One of the most famous witches in Ancient Greek literature, Medea, is described as a priestess of Hekate in The Argonautica, by Apollonius Rhodius. Unlike most priestesses, who learn their worship from other priestesses, Medea was described by Apollonius as learning her craft directly from the goddess. In the Argonautica, Apollonius refuses to describe the rituals Medea performs to Hekate, saying “For Medea bade them land and propitiate Hekate with sacrifice. Now all that the maiden prepared for offering the sacrifice may no man know, and may my soul not urge me to sing thereof. Awe restrains my lips, yet from that time the altar which the heroes raised on the beach to the goddess remains till now, a sight to men of a later day” (translated by Douglas Killings). For Apollonius, Hekate’s rituals were meant to be kept a mystery and veiled in secrecy. Apollonius does let slip that honey was used as an offering to the goddess. When Medea’s husband, Jason, invokes the goddess, Apollonius describes the ritual: “he dug a pit in the ground of a cubit’s depth and heaped up billets of wood, and over it he cut the throat of the sheep, and duly placed the carcas above; and he kindled the logs placing fire beneath, and poured over them mingled libations, calling on Hekate Brimo to aid him in the contests. And when he had called on her he drew back; and she heard him, the dread goddess, from the uttermost depths and came to the sacrifice of Aeson’s son; and round her horrible serpents twined themselves among the oak boughs; and there was a gleam of countless torches; and sharply howled around her the hounds of the underworld. All the meadows trembled at her step; and the nymphs that haunt the marsh and the river shrieked, all who dance round that mead of Amarantian Phasis” (translated by Douglas Killings). Hekate’s presence causes fear and dread to spread and even the sound of her steps scare away other supernatural creatures like nymphs.

Ovid describes the shrine to Hekate that Medea visits as being deep in the forest.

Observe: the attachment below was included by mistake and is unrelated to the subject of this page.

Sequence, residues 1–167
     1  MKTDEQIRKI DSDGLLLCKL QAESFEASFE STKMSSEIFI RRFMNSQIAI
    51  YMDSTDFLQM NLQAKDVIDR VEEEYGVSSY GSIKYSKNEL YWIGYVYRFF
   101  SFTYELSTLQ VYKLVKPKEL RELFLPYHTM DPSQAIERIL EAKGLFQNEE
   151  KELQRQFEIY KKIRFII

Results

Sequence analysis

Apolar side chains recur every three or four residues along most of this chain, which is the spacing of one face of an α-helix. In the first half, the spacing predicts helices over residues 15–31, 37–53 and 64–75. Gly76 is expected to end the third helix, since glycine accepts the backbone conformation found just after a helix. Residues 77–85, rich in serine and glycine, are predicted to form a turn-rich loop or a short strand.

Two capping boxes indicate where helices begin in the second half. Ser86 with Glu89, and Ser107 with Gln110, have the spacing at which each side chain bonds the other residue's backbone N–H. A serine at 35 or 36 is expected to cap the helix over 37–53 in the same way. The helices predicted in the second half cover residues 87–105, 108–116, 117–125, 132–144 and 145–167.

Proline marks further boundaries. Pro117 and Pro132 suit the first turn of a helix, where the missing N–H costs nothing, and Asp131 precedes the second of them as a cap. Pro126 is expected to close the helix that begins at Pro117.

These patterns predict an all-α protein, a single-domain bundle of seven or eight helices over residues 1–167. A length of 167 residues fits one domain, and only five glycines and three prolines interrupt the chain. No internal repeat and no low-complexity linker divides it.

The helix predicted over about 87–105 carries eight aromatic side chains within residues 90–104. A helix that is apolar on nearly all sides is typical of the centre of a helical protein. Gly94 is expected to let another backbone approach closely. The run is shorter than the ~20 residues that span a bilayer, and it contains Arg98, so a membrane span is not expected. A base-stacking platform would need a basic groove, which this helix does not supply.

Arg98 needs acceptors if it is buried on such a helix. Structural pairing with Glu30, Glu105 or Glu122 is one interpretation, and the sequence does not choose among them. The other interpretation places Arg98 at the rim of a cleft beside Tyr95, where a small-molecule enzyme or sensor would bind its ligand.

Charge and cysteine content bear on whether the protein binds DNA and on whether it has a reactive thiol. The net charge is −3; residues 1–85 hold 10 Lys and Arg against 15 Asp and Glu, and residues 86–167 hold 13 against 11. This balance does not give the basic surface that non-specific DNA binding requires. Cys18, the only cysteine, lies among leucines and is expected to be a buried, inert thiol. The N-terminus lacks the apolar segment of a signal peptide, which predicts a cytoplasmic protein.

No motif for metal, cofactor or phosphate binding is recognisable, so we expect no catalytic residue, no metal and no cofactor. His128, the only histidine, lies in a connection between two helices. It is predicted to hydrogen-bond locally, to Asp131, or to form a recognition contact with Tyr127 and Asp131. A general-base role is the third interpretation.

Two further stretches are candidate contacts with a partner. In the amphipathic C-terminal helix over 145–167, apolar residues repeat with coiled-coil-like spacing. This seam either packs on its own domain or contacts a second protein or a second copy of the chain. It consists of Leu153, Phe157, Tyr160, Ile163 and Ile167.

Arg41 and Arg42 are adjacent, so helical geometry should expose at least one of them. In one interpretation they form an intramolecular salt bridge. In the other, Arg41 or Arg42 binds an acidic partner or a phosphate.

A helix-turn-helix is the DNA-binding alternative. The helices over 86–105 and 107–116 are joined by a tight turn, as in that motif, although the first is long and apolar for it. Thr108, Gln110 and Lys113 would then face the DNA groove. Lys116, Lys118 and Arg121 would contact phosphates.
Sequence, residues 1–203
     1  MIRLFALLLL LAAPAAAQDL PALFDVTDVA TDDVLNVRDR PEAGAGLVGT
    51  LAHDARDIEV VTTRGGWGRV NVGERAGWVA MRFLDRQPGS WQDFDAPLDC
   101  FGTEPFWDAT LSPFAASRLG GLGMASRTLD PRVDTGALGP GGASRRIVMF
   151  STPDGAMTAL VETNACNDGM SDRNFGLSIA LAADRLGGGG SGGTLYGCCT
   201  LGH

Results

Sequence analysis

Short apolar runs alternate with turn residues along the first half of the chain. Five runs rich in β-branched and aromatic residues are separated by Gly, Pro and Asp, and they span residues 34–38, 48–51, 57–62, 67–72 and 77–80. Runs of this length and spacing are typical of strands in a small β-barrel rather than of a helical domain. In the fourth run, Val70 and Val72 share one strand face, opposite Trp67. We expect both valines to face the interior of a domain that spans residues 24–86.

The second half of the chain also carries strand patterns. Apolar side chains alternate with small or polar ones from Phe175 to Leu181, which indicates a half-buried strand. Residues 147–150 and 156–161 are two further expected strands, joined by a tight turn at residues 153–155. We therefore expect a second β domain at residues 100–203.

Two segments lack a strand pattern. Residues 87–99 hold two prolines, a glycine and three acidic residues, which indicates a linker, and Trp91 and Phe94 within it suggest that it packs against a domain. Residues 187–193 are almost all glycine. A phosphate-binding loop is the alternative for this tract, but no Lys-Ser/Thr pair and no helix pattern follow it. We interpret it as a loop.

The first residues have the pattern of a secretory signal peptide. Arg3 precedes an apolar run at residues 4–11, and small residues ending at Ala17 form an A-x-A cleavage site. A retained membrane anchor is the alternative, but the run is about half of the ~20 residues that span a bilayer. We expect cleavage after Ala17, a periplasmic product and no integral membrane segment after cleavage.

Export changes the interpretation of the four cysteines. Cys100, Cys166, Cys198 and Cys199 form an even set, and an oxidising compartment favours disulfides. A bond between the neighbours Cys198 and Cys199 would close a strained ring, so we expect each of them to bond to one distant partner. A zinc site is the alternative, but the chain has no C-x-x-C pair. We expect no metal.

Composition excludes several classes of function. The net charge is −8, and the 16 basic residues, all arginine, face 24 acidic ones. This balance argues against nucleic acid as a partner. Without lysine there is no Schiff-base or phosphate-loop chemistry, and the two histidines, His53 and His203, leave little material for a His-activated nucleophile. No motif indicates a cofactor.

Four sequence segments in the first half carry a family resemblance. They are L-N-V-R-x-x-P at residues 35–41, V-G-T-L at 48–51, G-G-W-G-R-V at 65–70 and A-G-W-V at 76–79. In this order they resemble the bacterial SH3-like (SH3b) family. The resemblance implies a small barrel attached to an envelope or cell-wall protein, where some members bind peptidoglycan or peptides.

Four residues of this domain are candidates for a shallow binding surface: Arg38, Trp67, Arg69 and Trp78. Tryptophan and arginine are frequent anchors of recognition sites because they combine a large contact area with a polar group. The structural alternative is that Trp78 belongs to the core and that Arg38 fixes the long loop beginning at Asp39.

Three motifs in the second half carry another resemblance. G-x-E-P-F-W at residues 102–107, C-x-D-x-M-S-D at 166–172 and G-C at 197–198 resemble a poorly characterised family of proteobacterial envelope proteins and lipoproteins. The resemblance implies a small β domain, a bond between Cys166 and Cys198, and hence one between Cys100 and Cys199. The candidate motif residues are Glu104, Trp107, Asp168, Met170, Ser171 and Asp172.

In Euripides’ play Medea, the witch Medea calls upon her chosen goddess by saying “So help me She who of all Gods hath been the best to me, of all my chosen queen and helpmate, Hekate, who dwells apart, the flame of flame, in my fire’s inmost heart” (translated by Gilbert Murray) before she proceeds to kill her own children. Hekate is evoked by Medea both to help protect Jason, and then to take vengeance on his children.

The Roman playwright Seneca also wrote a version of Medea‘s story, and in it, he refers to Media setting up an altar to Hekate within her house. She invokes the goddess with the words “Now summoned by my rites, appear, you heavenly globe of night, displaying your most hostile looks, with menace in every face”, Hekate is associated with the moon in this prayer and is multifaced. Medea later refers to Hekate receiving her prayers with the words “My prayers are received: Thrice has bold Hekate vouchsafed the barking of dogs, and set off uncanny fires with her light-bearing torch”.

Hekate was frequently evoked in curse tablets in the ancient Greek and Roman world, her name inscribed on iron alongside the intended victim. The iron was then pierced with nails and dropped into areas that were considered close to the underworld like underground springs, caves, and graveyards.

The Orphic Hymn to Hekate refers to her primarily as the goddess of roads and crossroads and calls her a “tomb spirit, revelling in the souls of the dead”, yet the hymn also calls her beautiful. It reveals that she is a goddess of complexity and contradiction. She is described as norcturnal, monstrous, and repelling… but it also calls her a beautiful goddess, a youth, and a maiden. She is described as delighting in wild places and loving deer, but she is also described as a devourer of beasts.

Hekate, like magic itself in the ancient Greek and Roman world, is complex, multifaceted, and inconsistent. Her complexity may be reflected in the fact that she is depicted with three forms, not able to capture her contradictory nature in one single form.